- Total Budget: $104,979,570
- Spending Increase: $1,946,875 (1.89%)
- Tax Levy Increase: $962,403 (1.28%)
- Bus, Vehicle and Equipment Proposition: $1,033,200
School Budgets in 60 Seconds
Watch the video below for a quick overview of how school budgets are developed in New York
State Foundation Aid Funding Plan
The 2021-2022 enacted state budget includes language stating that, for the 2021-22, 2022-23 and 2023-24 school years, each school district receiving a foundation aid increase of more than 10% or $10,000,000 a school year must post a plan of how the funds will be used to address student performance and need, including but not limited to:
- Increasing graduation rates and eliminating the achievement gap;
- Reducing class size;
- Providing supports for students who are not meeting, or who are at risk of not meeting, state learning standards in core academic subject areas;
- Addressing student social-emotional health; and
- Providing adequate resources to English language learners, students with disabilities, and students experiencing homelessness.
For the 2021-22 school year, the Guilderland Central School District received a foundation aid increase of $1.5M.
As part of the budget development process for the 2021-2022 school year, the district engaged community stakeholders through several ThoughtExchanges to seek advice on spending priorities to consider for the upcoming school year. More than 1,300 participants produced 1537 thoughts and 66,716 ratings, resulting in the following top priorities from stakeholders: maintaining low class size; focusing on student and staff mental health, maintaining academic programs and staffing levels, returning students to in-person learning, changing the start and end times of the school day, improving Wi-Fi, technology and facilities.
Following the release of the first draft of the 2021-2022 budget, the district hosted a live-streamed question-and-answer session to address issues and concerns about the proposed spending plan. The spending plan that was adopted by the Board of Education on April 13 reflected the priorities shared by the community; the budget was ultimately passed with 68% approval. You can review the full budget here. Please contact Marie Wiles, Superintendent of Schools at firstname.lastname@example.org if you have questions.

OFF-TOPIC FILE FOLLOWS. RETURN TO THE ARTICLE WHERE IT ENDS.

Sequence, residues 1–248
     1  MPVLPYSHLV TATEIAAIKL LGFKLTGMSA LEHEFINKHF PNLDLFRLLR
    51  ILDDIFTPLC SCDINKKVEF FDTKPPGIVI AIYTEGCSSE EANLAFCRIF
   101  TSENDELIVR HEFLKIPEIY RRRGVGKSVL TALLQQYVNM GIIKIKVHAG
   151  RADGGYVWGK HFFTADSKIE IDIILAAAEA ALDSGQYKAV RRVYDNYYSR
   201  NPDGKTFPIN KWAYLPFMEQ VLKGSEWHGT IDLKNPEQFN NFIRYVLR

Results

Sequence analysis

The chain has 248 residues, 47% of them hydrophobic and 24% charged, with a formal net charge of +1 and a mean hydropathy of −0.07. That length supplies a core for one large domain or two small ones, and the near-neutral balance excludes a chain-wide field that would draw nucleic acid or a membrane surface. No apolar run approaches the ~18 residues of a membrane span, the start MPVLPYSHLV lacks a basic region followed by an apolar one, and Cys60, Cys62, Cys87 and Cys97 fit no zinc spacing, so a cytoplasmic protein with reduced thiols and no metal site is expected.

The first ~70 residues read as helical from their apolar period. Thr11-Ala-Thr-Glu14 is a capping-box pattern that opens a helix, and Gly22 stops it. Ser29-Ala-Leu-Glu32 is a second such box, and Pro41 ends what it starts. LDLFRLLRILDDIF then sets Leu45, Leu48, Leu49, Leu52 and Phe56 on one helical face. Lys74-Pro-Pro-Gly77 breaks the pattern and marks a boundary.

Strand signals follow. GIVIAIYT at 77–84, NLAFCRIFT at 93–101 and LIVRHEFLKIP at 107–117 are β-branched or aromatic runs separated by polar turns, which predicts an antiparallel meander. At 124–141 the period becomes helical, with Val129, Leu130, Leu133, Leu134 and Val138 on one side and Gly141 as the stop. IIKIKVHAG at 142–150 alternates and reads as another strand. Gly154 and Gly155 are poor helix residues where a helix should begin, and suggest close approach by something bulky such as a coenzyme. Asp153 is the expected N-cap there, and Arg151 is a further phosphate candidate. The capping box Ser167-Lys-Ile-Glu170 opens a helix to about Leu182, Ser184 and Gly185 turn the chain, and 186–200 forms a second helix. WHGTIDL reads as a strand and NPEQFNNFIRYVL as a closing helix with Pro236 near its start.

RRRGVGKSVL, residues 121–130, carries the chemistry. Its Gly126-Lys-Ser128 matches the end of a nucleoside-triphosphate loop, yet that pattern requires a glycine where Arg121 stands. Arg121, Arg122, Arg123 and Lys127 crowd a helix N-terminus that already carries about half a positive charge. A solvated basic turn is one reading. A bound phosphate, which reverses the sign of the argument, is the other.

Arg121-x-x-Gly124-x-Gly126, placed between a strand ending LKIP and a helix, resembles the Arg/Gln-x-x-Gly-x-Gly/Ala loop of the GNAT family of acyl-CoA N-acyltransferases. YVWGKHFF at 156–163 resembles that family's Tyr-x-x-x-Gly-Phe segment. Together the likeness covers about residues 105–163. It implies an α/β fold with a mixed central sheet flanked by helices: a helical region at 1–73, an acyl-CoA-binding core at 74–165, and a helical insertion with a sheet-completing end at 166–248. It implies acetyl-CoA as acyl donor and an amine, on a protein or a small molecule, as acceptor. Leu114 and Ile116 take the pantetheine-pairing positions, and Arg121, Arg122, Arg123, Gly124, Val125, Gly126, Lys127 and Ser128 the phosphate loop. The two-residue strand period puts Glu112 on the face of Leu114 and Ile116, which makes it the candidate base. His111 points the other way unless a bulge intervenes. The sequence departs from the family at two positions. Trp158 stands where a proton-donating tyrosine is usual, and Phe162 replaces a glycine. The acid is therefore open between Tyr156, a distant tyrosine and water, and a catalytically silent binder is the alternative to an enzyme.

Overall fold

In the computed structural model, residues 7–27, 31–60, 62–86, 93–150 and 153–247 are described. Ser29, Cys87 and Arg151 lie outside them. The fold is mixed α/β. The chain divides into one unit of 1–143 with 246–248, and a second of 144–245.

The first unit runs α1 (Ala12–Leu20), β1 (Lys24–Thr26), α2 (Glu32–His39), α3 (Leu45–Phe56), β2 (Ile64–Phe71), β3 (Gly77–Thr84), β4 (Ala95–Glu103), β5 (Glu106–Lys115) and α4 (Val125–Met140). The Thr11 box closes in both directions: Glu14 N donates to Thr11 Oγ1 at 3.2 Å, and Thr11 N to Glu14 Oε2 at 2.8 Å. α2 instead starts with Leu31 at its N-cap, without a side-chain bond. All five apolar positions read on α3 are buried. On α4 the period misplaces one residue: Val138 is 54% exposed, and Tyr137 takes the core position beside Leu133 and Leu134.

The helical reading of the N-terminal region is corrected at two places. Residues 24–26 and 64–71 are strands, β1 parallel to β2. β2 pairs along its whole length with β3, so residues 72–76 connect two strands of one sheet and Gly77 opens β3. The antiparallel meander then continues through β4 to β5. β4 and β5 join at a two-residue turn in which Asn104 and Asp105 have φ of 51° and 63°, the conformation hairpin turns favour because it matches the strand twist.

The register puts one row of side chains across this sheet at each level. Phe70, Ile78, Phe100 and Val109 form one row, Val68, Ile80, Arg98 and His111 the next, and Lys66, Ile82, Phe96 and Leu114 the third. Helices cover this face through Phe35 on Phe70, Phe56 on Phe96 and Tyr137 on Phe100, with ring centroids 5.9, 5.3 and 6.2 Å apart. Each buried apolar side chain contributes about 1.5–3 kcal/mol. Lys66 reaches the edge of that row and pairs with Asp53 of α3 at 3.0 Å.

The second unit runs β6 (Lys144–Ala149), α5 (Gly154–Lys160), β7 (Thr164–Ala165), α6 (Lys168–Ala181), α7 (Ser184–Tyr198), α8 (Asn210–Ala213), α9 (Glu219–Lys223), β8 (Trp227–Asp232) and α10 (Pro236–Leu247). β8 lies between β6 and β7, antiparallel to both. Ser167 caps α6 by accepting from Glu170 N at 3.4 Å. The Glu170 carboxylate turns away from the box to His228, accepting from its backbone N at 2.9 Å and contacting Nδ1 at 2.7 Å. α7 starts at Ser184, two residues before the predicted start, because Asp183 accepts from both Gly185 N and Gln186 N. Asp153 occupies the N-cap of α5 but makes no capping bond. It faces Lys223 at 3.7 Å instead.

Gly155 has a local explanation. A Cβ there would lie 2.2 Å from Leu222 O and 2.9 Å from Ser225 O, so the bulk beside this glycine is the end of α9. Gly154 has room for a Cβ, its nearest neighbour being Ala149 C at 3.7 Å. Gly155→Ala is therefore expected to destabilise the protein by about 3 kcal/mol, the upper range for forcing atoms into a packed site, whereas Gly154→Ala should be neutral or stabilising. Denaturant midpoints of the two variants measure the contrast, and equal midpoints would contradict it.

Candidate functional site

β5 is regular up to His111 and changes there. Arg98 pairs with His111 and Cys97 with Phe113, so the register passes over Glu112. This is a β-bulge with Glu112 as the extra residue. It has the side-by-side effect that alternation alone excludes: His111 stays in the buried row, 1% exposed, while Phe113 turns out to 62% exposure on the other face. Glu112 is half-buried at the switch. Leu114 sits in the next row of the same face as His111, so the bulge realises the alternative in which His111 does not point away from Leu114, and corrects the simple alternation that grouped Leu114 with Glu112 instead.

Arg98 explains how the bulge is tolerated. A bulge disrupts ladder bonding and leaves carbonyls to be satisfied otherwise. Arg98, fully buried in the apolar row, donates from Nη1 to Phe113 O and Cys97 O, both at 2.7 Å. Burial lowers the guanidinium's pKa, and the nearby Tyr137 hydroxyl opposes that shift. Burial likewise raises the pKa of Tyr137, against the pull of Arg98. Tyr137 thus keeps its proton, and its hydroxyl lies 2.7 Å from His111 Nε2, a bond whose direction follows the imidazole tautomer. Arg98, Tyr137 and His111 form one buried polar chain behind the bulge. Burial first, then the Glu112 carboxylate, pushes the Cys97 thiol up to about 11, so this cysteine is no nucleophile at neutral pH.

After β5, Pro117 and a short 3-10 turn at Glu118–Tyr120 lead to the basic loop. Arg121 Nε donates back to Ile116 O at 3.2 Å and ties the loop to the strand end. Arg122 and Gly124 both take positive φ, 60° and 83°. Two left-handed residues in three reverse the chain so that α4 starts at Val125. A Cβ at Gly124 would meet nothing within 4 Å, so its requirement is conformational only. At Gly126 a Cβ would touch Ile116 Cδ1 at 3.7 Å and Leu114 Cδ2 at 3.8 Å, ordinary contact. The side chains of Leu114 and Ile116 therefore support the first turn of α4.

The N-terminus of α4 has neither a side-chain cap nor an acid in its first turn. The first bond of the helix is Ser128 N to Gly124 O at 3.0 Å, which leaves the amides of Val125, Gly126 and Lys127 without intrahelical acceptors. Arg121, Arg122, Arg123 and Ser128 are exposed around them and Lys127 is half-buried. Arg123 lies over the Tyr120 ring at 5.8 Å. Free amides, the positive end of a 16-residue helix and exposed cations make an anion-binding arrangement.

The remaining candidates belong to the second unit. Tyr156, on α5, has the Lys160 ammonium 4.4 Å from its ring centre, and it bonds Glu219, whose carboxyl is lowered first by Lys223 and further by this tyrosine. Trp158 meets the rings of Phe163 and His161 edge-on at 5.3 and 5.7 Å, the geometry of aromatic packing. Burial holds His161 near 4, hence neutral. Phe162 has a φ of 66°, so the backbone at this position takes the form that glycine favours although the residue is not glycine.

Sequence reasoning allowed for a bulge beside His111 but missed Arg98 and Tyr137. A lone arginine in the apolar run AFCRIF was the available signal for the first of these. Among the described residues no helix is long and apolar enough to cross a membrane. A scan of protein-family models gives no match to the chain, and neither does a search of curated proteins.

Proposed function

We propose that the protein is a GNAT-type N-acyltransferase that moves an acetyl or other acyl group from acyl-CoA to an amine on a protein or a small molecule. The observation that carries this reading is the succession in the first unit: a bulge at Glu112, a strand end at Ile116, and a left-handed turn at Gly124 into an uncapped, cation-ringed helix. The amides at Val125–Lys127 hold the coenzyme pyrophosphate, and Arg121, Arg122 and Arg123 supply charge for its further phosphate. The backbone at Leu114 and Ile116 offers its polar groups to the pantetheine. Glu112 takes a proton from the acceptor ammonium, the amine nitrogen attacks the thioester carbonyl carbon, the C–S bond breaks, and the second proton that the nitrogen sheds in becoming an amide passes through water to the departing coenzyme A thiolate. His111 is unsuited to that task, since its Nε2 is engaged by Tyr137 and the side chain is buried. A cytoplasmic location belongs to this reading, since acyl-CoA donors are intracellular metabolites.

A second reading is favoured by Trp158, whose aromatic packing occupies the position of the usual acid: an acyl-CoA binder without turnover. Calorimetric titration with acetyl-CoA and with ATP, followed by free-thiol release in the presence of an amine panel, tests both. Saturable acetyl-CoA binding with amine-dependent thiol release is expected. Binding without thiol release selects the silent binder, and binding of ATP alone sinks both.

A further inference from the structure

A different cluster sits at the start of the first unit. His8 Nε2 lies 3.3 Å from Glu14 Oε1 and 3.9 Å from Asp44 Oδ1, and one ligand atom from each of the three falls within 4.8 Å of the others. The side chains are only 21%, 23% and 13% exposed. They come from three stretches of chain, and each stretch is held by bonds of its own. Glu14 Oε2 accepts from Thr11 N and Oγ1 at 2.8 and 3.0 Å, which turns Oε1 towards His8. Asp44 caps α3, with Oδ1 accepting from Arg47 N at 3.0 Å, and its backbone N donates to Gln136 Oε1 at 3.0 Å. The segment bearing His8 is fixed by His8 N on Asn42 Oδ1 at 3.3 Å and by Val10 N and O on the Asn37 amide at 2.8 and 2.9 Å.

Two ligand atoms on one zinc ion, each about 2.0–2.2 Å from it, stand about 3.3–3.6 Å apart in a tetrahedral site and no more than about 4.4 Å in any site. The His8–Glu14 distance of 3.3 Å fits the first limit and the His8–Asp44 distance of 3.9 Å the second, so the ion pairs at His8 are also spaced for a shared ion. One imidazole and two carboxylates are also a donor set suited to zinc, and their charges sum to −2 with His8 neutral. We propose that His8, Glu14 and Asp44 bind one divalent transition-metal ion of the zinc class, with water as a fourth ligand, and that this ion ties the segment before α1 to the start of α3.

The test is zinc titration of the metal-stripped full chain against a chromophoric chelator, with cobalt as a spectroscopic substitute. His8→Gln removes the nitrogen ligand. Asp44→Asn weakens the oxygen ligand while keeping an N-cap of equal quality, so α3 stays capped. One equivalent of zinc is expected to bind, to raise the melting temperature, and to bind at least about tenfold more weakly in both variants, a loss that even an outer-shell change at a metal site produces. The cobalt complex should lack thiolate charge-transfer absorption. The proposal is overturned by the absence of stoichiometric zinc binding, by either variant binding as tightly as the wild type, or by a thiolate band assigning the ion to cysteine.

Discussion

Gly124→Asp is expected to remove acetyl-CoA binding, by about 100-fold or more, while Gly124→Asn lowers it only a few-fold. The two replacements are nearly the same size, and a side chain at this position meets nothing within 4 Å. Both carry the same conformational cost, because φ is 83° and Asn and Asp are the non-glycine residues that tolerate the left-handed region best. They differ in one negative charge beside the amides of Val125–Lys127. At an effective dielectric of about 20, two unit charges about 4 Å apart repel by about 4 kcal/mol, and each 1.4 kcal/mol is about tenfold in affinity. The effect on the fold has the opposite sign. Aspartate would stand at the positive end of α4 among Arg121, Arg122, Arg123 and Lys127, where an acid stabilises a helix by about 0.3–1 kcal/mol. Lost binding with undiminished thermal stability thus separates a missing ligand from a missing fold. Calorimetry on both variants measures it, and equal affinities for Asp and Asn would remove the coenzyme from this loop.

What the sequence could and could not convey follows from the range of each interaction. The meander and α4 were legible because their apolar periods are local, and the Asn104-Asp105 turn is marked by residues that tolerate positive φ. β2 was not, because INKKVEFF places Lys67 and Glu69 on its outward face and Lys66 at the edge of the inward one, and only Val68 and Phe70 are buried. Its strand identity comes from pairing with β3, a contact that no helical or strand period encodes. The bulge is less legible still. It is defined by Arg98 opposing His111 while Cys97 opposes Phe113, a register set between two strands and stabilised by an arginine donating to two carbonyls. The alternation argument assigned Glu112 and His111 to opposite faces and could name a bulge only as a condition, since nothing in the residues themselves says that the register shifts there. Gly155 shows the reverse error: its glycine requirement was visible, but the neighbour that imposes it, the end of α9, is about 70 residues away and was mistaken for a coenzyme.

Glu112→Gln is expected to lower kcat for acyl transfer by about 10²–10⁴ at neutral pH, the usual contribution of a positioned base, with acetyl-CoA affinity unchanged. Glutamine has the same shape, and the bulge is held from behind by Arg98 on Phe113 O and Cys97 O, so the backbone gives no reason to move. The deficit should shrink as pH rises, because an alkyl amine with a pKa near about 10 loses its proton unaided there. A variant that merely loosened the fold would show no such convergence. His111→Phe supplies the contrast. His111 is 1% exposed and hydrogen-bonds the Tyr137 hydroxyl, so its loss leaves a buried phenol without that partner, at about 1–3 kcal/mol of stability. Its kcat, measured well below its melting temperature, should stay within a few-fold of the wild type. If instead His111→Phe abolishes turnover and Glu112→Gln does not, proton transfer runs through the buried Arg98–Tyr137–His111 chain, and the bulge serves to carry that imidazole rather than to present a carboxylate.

Increasing graduation rates and eliminating the achievement gap.
The district will maintain all current staffing and programs to close achievement gaps and to support students ultimately be successful graduating from Guilderland High School. Among the existing programs to increase graduation rates and eliminate the achievement gaps are Academic Intervention Services, co-taught classes, tutorial programs, opportunities to meet with teachers after school. There are also summer school opportunities at Farnsworth Middle School and Guilderland High School. Eligible Students with Disabilities can also participate in Extended School Year programming. At the elementary level, each school has a school based support team that meets to identify students who are struggling and to develop plans for intervention. Each building is staffed with a math specialist to support both teachers and students in that content area. Each building also offers reading support and intervention for students who are below benchmarks in reading
In addition, the 2021-2022 school budget includes the addition of a Director of Diversity, Equity and Inclusion to assist with the identification and resolution of potential achievement gaps for some student groups.
Reducing class size.